The city of Portland announced it intends to ban trade and travel to the state of Texas in response to the state’s new abortion law.

Mayor Wheeler announced on Friday that the city council intends to vote on an emergency resolution on Wednesday to stop “the City’s future procurement of goods and services from, and City employee business travel to, the state of Texas.”

The resolution will be in effect until the state of Texas ends the law or it is overturned. It’s not exactly clear what such a ban would look like.

“City legal counsel is currently evaluating the legal aspects of this proposed resolution,” a release from the city council said.

“The Portland City Council stands unified in its belief that all people should have the right to choose if and when they carry a pregnancy and that the decisions they make are complex, difficult, and unique to their circumstances.”

The new law, S.B.8, was signed by Gov. Greg Abbott in May and went into effect last week after the Supreme Court declined to hear the case.

It bans all abortions once a fetal heartbeat can be detected, which is typically about six weeks after conception and before most women are aware that they are pregnant.

Additionally and uniquely, the law allows for private residents bring legal action against anyone who assisted in terminating the pregnancy, including those who drive a woman to the abortion appointment. Citizens who win such lawsuits may be entitled to at least $10,000.

Pro-choice protesters march outside the Texas State Capitol on Wednesday, Sept. 1, 2021 in Austin, TX.
Pro-choice protesters march outside the Texas State Capitol on Wednesday, Sept. 1, 2021 in Austin, TX.
Sergio Flores For The Washington Post via Getty Images

“This law rewards private individuals for exercising surveillance and control over others’ bodies. It violates the separation of church and state. And, it will force people to carry pregnancies against their will,” the council’s statement said.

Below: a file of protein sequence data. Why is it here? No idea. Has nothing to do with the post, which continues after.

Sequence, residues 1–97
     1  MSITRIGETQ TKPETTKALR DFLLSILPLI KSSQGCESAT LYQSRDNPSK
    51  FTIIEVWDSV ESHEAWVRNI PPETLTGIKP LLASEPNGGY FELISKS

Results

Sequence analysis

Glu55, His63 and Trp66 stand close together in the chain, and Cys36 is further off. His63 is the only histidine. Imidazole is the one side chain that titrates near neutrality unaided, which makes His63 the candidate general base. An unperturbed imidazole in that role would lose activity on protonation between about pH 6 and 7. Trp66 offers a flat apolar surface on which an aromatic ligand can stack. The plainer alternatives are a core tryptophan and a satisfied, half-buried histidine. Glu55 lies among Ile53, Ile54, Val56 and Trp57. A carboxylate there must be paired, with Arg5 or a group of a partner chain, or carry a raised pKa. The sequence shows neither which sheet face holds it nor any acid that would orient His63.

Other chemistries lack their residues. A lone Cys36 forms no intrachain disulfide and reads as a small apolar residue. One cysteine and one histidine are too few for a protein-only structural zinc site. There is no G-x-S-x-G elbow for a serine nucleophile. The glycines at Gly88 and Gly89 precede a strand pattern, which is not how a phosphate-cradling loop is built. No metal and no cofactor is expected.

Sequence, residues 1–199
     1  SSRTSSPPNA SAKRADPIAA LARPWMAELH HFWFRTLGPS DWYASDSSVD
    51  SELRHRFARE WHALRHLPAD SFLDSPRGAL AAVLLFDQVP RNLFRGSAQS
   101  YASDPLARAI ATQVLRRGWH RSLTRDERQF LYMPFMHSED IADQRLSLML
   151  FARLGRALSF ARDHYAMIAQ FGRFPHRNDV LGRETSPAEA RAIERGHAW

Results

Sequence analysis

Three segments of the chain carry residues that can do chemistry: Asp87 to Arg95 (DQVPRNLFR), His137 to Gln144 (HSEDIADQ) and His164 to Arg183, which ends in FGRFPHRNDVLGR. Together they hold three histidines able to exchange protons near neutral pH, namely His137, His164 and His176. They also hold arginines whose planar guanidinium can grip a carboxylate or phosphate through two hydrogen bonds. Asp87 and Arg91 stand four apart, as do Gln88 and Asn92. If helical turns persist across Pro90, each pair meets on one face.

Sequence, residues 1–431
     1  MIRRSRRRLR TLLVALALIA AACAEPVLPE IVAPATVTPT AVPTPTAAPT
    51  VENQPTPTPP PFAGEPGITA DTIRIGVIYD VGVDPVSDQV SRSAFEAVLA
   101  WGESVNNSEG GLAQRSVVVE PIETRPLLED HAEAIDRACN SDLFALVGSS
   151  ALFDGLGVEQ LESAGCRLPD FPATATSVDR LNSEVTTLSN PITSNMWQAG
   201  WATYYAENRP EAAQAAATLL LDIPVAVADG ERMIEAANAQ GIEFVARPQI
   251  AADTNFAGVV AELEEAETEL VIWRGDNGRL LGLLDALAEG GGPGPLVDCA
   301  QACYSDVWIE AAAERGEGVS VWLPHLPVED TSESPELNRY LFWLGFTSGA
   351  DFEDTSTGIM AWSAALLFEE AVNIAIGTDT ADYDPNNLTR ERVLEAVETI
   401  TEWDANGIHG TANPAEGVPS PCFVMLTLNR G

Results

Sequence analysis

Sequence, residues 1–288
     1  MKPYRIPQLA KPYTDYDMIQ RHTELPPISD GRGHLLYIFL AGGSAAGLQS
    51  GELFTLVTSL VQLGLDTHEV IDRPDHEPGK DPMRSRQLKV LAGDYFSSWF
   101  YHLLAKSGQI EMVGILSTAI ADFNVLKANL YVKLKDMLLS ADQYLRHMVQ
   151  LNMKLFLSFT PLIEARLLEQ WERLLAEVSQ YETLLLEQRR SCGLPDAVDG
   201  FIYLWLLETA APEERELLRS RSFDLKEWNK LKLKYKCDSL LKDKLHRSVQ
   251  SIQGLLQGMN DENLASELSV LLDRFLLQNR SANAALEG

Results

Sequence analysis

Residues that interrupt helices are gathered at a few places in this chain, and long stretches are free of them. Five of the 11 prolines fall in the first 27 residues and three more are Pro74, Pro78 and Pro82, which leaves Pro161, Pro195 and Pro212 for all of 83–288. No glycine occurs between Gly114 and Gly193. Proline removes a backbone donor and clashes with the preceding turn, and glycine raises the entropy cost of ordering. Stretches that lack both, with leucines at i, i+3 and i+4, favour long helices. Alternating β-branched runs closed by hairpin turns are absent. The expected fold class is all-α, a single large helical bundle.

“Portland City Council stands with the people who may one day face difficult decisions about pregnancy, and we respect their right to make the best decision for themselves.”

The law sparked immediate outcry nationwide, and legal battles have already begun.

On Friday, A Texas District Court Judge issued a temporary restraining order against anti-abortion group Texas Right to Life, who launched a “whistleblower” website asking for tips about abortions.

anti-abortion rights demonstrators gather in the rotunda at the Capitol while the Senate debated anti-abortion bills in Austin, Texas.
The nation’s highest court has allowed a Texas law banning most abortions to remain in effect.
Jay Janner/Austin American-Statesman via AP, File

On Monday, Attorney General Merrick Garland said the Justice Department would “protect those seeking to obtain or provide reproductive health services” under a federal law known as the Freedom of Access to Clinic Entrances Act.

Garland said in a statement that federal prosecutors are still urgently exploring options to challenge the Texas law.

President Joe Biden called the law “almost un-American” on Friday, and pledged to work with the Justice Department to fight against it.

“The most pernicious thing about the Texas law: It sort of creates a vigilante system where people get rewards… And it just seems — I know this sounds ridiculous — almost un-American, what we’re talking about.”

Florida may be considering a similar abortion ban.



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